(by Dustin Putman
There are two films opening theatrically in October 2009 wherein characters take a trip to a place called Eden. In "Couples Retreat," it is a tropical resort of white sands and translucent blue seas. In Lars Von Trier's "Antichrist," it is a desolate, wooded area of unthinkable despair, quite possibly the epicenter to all that is evil in this world and beyond. After spending nearly two interminable hours with the shallow, self-absorbed, unpleasant twits that populate "Couples Retreat," you'll be wishing they'd all have packed their bags and gone straight to hell, instead. This non-romantic romantic comedy, the unfortunate directorial debut of actor-producer Peter Billingsley (Ralphie from 1983's "A Christmas Story"), is a hatchet job of low-rent humor, one-note characters, fuzzy motivations, and queasily strained relationship squabbles. The eight protagonists may be in paradise, but their getaway is no fun at all for the viewer. Article continues below
When Jason (Jason Bateman) and Cynthia (Kristen Bell) announce that they are thinking about getting a divorce, they invite their friends—married couples Dave (Vince Vaughn) and Ronnie (Malin Akerman), Joey (Jon Favreau) and Lucy (Kristin Davis), and recently divorced Shane (Faizon Love)—to come along with them on vacation to the picturesque Eden Resort. Jason and Cynthia hope to work out their problems—Jason is a control freak and Cynthia feels guilty about not being able to conceive—but it is the rest of them, also including Shane's 20-year-old tag-along girlfriend Trudy (Kali Hawk), who receive the real reality check when they are forced to participate in therapy sessions and couples skill-building exercises during their stay.
As written by Dana Fox (2008's "What Happens in Vegas"), Vince Vaughn and Jon Favreau, "Couples Retreat" is a tornado of ill-conceived ideas and shoddy characterizations. Following an inspired opening credits montage of couples throughout the last century scored to David Bowie's "Modern Love," it's all downhill from there. With the possible exception of Dave and Ronnie, who appear reasonably well-adjusted and committed to their children, the film seems to make a point of showing that the other pairs are not right for each other. Jason and Cynthia are Type-A bores, with Jason suffocating Cynthia and she unable to let go of the knowledge that she may not be able to have children. Joey and Lucy barely speak to each other at all, the roots to their issues never explained outside of their wandering eyes. Shane misses ex-wife Jennifer (Tasha Smith) and has taken up with Trudy in a bid to feel young again, but her 20-year-old partying ways quickly wear him down and leave her frustrated. All of them are so involved with themselves that they barely can even give a moment's thought to their beau, let alone carry on a single conversation of substance or charm.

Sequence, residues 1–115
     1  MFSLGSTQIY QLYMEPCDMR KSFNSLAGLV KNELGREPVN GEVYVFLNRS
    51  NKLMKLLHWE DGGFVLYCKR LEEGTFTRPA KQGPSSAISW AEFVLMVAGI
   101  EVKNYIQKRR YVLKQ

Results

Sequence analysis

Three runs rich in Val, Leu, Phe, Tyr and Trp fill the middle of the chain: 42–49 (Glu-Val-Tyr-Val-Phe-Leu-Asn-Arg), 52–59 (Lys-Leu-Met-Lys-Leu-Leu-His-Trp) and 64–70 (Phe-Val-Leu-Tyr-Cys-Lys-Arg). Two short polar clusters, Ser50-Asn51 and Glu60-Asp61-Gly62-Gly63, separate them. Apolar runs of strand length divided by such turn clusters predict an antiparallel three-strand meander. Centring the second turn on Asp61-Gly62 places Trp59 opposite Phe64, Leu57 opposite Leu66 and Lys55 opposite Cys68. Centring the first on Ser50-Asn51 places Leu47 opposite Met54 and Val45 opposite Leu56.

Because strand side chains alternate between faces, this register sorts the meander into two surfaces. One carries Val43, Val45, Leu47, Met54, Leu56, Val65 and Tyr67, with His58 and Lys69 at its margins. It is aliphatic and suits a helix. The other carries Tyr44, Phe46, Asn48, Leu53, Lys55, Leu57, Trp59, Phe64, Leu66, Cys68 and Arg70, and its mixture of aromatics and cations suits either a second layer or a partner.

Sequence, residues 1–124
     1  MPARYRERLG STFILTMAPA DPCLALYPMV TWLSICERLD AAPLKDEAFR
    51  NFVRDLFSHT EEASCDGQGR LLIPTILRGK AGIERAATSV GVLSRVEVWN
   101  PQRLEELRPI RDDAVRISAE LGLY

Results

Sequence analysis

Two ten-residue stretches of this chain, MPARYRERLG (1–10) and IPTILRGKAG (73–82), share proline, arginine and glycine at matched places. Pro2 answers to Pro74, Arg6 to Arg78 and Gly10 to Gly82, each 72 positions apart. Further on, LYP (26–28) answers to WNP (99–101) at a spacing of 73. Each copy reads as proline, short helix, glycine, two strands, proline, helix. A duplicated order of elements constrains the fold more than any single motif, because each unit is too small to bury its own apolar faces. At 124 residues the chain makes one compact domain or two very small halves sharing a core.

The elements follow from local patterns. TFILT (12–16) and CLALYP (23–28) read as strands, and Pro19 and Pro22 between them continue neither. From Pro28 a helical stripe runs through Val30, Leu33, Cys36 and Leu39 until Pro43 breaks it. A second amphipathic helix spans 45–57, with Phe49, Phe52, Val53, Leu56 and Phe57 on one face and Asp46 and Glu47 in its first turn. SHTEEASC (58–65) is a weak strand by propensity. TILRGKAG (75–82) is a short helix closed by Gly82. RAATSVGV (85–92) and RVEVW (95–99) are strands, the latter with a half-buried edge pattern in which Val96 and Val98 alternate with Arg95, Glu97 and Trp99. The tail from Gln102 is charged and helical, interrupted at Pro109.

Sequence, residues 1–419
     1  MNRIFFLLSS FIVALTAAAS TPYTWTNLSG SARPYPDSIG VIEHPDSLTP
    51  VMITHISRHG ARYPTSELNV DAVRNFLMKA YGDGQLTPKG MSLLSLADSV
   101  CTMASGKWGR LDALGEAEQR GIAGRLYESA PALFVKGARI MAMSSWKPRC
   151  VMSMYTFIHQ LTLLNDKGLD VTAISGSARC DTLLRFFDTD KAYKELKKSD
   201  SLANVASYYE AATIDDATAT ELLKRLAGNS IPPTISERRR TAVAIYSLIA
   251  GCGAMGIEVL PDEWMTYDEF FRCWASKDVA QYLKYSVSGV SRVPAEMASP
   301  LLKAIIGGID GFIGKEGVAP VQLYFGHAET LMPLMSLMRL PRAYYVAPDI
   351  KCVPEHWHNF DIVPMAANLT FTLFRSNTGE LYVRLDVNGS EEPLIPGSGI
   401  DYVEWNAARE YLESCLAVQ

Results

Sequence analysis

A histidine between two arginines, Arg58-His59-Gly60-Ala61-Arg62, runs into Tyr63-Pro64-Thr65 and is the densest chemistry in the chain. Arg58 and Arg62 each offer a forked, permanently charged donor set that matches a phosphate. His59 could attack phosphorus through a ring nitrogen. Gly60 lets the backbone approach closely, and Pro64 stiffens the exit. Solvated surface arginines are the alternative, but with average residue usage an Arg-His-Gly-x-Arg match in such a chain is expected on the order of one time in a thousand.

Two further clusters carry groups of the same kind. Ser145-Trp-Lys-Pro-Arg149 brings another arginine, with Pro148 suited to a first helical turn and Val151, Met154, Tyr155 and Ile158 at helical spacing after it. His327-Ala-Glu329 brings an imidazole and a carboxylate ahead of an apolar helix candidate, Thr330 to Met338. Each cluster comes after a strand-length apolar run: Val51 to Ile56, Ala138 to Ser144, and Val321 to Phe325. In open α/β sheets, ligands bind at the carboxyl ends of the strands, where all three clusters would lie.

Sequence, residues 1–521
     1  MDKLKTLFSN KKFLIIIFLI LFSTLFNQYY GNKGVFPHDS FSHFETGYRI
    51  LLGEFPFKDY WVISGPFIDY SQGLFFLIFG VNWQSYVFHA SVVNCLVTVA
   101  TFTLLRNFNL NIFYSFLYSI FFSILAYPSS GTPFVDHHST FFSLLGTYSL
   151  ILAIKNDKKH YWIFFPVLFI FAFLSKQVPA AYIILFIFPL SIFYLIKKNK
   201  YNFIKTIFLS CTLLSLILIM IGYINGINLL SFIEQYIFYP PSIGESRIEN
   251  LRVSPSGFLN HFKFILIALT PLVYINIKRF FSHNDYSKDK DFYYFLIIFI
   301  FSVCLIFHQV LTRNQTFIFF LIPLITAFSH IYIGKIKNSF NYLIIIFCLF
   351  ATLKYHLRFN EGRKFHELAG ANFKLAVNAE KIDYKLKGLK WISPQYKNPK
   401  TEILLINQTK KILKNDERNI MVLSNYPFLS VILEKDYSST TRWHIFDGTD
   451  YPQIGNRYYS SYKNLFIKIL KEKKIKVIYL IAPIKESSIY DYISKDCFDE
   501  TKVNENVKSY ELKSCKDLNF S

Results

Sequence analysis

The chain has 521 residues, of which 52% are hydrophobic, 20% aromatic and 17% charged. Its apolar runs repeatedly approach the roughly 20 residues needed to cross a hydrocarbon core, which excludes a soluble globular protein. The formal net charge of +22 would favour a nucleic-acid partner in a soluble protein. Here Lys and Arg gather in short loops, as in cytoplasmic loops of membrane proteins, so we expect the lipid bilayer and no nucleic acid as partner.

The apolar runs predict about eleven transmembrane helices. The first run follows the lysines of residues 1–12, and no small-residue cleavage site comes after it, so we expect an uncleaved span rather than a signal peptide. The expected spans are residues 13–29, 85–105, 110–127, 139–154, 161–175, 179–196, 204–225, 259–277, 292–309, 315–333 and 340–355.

Funny moments of the laugh-out-loud variety are rare, though resort director Stanley's (Peter Serafinowicz) introduction ("My name is Stanley with a 'C'," he nonsensically tells them) is admittedly amusing. So, too, is Trudy, a character who calls Shane "Daddy," talks insensitively about Mexicans, and longs to get her drink on. Trudy may be a racial stereotype herself, but at least she has a personality less bland than the tapioca pudding surrounding her. As for the rest of the picture, in between the flat aims at comedy—doing yoga with scantily-clad, sexually suggestive instructor Salvador (Carlos Ponce); stripping to their skivvies and paying compliments to each other; getting into a sticky situation with circling sharks while in the water—are lugubrious scene upon scene of miserable people being unhappy while either doing things they don't want to do or doing unsavory things that make them no better than scoundrels. Their time at Eden is less a relaxing vacation than tedious work, and that same feeling rubs off on the viewer. As the people on the screen fail to take shape or find dimension, the running time nevertheless prolongs the third act while concentrating on asinine things such as a subplot involving, of all things, "Guitar Hero."
The overstuffed cast is undernourished, to say the least. Vince Vaughn (2008's "Four Christmases") and Malin Akerman (2009's "Watchmen") play things mostly straight as Dave and Ronnie, but then, so do Jason Bateman (2009's "Extract") and Kristen Bell (2009's "Fanboys") as Jason and Cynthia. Jon Favreau (2009's "I Love You, Man") portrays something of a dog as Joey, who requests an "Asian" massage from his female masseuse, while Kristin Davis (2008's "Sex and the City") comes off as abrasive as she struggles to figure out who Lucy is. She—and the audience—never do. How do you squelch the talents of these oft-sparkling actors? This movie pulls it off without working up a sweat. Only Kali Hawk, in her first significant feature-film role as Trudy, gives what could be considered a memorable performance.
How does one further tarnish a movie already in need of a brain? By making it a dishonest one, too. The ways in which all four couples and their relationships wrap up at the end—concurrently, natch—is so falsely positive and ridiculously tidy it could only happen in bad cinema. Director Peter Billingsley does not play fair, and he also gives his irritating characters endings that are offensively undeserved. Ever rekindled a failing relationship by inviting the other person to Applebee's, or admitting to countless unsafe and irresponsible one night stands that, not to worry, are now out of your system? In the alien mind of "Couples Retreat," that's all it takes. Cue kisses. Cue the mugging last-minute bathroom/kid gag. Cue the end credits over footage of the cast water-skiing and finally having a gosh-darn good time. Cue the disbelieving audience throwing up in their mouths.